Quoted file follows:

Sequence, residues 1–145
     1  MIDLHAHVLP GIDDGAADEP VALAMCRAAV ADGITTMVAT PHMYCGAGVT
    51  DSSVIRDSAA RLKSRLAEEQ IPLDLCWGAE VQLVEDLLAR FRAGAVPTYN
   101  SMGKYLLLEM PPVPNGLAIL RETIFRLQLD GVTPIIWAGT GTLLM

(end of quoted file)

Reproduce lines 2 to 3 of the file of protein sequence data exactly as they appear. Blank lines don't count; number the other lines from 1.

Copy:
     1  MIDLHAHVLP GIDDGAADEP VALAMCRAAV ADGITTMVAT PHMYCGAGVT
    51  DSSVIRDSAA RLKSRLAEEQ IPLDLCWGAE VQLVEDLLAR FRAGAVPTYN